Erling Haaland to Barcelona? This isn’t fantasy football

Paul Macdonald
Erling Haaland to Barcelona? This isn’t fantasy football

Barcelona plunged new depths of despair last week.

Kylian Mbappe and PSG tore them to shreds in the type of performance which was worrying for a whole host of reasons. Ronald Koeman’s team were sliced through at will, something that other teams have done all season, only they weren’t quite good enough to deliver such an emphatic blow.

And then Cadiz’s 88th minute penalty on Sunday to earn a 1-1 draw dealt Barca what could be a fatal blow in La Liga, their title aspirations seemingly destroyed by a team with a fraction of their resources, but whom they managed to earn just one point from a possible six against. Koeman himself admitted that the Cadiz result hurt more than the PSG battering.

Queue quite a lot of analysis from those who watch this team two or three times a season. Queue international commentators discussing ‘shock results’ and ‘a Barca in decline’, when regular viewers will know this regression has been in the offing for quite some time.

Barcelona presidential candidates

And yet with a presidential election looming, some of the candidates have simply reverted to type; in the absence of any constructive method to revitalise Barcelona, they propose spending their way out of it as so many in the past earned their tickets doing. Joan Laporta famously promised David Beckham, but instead delivered Ronaldinho. It didn’t matter – it was a marquee signing either way.

But this time, in the post-coronavirus landscape, it’s not only utterly impractical, it’s dangerous. Take Toni Freixa, for example, a challenger who is unlikely to win, but is running on a classic playbook from a different era.

Erling Haaland to Barcelona? This isn’t fantasy football

Erling Haaland to Barcelona? This isn’t fantasy football

“We have closed an agreement with an investor who will contribute €250 million for Barca,” he said this week.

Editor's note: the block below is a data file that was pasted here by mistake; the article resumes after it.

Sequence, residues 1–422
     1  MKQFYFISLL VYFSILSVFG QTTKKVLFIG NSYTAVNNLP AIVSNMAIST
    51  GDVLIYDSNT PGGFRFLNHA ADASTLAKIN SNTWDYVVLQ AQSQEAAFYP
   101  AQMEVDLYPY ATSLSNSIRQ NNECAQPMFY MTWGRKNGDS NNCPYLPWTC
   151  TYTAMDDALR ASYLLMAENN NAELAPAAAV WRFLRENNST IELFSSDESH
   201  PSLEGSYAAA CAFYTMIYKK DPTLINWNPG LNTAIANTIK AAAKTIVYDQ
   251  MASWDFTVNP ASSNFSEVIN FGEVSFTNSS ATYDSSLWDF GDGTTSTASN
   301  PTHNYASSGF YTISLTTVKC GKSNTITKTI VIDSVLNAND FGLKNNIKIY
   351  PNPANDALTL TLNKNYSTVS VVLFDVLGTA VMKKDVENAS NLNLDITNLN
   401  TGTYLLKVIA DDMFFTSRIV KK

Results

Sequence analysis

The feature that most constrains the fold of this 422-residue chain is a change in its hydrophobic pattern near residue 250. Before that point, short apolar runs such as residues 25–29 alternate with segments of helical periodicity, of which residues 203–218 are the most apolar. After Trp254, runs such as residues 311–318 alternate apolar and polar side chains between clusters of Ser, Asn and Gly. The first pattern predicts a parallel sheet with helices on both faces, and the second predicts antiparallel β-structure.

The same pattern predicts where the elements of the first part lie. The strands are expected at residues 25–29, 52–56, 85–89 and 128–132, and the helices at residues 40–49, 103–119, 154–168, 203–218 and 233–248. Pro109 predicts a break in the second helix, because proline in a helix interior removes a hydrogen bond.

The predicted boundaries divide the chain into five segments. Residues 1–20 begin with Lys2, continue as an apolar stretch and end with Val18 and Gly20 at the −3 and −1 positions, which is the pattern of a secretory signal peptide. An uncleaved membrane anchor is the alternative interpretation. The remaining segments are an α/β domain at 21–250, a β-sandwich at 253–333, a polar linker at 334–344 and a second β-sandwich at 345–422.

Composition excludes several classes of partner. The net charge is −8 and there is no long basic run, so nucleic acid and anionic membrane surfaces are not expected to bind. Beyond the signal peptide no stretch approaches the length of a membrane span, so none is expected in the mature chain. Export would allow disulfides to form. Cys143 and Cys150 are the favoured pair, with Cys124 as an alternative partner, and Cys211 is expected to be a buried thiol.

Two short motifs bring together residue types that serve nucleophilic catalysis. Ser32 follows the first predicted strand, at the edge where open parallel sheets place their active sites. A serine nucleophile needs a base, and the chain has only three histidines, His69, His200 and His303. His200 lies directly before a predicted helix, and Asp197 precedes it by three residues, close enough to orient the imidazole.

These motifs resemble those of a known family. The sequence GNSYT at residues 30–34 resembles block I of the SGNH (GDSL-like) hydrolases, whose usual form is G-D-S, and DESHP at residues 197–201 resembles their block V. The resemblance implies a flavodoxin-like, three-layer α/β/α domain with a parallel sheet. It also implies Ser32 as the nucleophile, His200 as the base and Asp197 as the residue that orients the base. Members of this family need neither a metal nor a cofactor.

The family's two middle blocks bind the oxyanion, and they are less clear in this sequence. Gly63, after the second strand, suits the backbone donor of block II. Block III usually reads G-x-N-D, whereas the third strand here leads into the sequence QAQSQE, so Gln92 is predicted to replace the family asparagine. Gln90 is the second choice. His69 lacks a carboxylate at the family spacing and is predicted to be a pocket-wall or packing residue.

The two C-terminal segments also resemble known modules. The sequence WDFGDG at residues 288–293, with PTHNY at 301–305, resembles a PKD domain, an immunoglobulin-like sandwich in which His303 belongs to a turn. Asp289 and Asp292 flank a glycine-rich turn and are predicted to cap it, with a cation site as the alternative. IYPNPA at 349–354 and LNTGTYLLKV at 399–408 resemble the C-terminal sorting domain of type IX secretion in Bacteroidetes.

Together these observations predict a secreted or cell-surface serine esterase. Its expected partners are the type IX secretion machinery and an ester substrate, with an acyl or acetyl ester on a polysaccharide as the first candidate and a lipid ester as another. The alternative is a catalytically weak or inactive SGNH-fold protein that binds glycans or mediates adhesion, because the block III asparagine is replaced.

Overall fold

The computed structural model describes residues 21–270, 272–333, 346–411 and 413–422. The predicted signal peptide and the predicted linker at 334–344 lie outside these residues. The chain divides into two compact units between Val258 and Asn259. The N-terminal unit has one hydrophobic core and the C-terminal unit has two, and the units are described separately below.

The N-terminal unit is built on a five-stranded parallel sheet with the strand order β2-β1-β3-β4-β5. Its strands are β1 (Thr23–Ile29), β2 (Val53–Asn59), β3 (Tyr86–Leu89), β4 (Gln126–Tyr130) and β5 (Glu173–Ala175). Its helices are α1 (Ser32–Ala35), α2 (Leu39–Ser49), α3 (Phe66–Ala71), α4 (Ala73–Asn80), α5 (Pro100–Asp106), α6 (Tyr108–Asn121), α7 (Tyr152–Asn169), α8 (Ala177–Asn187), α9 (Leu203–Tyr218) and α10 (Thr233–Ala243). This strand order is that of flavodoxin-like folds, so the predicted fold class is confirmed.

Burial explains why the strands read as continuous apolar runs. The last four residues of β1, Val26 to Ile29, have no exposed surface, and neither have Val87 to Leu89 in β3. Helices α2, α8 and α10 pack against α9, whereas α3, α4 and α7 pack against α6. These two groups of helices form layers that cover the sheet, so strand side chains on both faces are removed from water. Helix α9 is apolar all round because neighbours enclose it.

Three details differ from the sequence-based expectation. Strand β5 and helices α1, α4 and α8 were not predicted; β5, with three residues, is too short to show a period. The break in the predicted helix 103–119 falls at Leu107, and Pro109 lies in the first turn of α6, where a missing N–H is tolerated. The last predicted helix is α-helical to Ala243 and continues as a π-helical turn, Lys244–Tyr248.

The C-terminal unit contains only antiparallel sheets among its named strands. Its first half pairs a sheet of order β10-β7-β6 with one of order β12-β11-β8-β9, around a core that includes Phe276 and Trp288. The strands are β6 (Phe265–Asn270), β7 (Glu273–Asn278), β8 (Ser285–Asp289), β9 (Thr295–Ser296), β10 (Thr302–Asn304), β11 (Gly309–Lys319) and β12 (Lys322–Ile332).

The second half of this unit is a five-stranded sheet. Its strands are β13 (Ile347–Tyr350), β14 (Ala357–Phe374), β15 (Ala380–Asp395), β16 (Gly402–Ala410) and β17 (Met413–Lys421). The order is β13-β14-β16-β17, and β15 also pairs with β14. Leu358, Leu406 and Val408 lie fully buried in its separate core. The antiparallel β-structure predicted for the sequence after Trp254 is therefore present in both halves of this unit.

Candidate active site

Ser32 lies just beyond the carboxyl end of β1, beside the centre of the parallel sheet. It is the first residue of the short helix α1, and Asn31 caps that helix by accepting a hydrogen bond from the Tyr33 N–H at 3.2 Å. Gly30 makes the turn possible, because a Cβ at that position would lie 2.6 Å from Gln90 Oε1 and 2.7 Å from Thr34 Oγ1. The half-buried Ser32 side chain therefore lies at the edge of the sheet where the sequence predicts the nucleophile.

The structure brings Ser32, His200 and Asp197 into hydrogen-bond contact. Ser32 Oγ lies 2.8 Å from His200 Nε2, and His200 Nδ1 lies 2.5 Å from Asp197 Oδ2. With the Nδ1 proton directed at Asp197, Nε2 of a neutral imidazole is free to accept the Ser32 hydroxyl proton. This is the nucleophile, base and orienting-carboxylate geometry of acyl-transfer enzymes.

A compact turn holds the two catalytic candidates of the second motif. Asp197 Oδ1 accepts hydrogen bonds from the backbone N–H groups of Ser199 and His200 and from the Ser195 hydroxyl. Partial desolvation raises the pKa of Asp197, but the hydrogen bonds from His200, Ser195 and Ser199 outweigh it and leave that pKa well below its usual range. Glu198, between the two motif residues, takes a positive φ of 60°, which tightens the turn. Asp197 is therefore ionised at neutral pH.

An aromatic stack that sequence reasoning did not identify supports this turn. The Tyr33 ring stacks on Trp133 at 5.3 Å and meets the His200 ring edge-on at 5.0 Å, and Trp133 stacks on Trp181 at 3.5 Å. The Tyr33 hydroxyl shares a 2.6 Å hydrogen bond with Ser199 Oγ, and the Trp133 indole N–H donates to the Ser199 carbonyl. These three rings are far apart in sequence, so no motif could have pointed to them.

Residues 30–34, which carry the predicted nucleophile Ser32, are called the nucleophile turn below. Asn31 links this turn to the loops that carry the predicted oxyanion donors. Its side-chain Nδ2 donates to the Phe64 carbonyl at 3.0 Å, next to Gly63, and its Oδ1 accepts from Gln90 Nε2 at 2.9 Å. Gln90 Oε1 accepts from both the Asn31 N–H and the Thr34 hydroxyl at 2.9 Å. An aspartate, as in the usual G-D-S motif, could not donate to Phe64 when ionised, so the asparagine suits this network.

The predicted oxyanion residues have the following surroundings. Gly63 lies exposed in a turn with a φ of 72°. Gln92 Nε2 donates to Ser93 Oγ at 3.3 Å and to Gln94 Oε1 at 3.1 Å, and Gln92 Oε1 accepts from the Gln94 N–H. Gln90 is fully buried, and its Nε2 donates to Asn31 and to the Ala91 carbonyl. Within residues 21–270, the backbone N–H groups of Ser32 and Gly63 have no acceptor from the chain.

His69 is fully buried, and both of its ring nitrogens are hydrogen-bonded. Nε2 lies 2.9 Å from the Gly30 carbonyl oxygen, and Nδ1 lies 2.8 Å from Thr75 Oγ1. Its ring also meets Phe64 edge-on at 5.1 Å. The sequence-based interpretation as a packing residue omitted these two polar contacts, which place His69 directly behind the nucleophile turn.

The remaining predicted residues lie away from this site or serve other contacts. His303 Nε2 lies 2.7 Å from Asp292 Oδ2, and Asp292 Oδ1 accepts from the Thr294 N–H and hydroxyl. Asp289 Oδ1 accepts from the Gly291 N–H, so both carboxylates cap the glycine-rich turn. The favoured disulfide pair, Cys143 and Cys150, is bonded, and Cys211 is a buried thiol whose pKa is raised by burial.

“For the 2021-22 season, we will be able to sign three stars, two in attack and one in defence. We have talked about the possibility of securing the signings for next season. Barca will have the competitive team that it has to have and that now it does not have.”

Erling Haaland has ’emerged’ as one of these rumoured captures, forcing other frontrunner Victor Font to brand Freixa’s comments ‘irresponsible’. But Laporta, who remains the favourite to return to his former post, thinks that keeping Lionel Messi and signing Haaland would be ‘perfectly possible’.

How troubling are Barcelona’s finances?

Font is the only one who is correct. Laporta and Freixa are feeding a fantasy football-style alternative universe where €1 Billion hasn’t been squandered in the past half-decade, where Barca don’t have €120m transfer obligations for previous deals to pay in the current financial year, and where Messi doesn’t demand €100m per year. It is indeed deeply irresponsible to think that even if €250m can be raised, it should go on new players when the infrastructure of the club is teetering on the brink of disaster.

Laporta and Freixa are applying populist politics to football. ‘Make Barca great again’ is the obvious mantra, despite there being no clear path to do so in the short term.

Their complete refusal to face the reality of the situation – that is, Barcelona are a club saddled with gigantic debt that will require extremely careful management to negotiate the next few years unscathed – is an inconvenient truth that some people simply don’t want to hear. Like the debt of a country spending their way out of the coronavirus situation, no-one wants to discuss how exactly they’ll pay it off. It’s just much easier to pretend like it’s not there.

And fans and commentators alike are more complicit in this charade than ever. Just because Football Manager preloads a €150m transfer budget at the start of the game, doesn’t mean that a spending spree is possible or should even be encouraged. Font’s use of the word irresponsible is apt and he’s not just talking about Freixa and his grand ideas.

How uncertain is Barcelona’s future?

He’s talking about the short-termist culture which led Barcelona to this point in the first place. Living for today, never worrying about tomorrow. Such ignorance may have survived a little longer in the decade had it not been for coronavirus. Instead, clubs need to be ready to make profoundly difficult financial decisions.

And yet Laporta and Freixa continue to imagine an unrealistic future rather than planning for a rational one. They are demanding that we understand that everything’s fine when we know it’s not, and expecting us to relax. But this situation won’t allow it, and fans need to be prepared to rally against it.

Would Haaland be good fun at Barcelona. Probably. Is it going to happen? Now, not a chance. And the sooner fans realise the the transfer landscape for Barca has transformed, and not for the better, the sooner the fantasy can die and the reality can be tackled.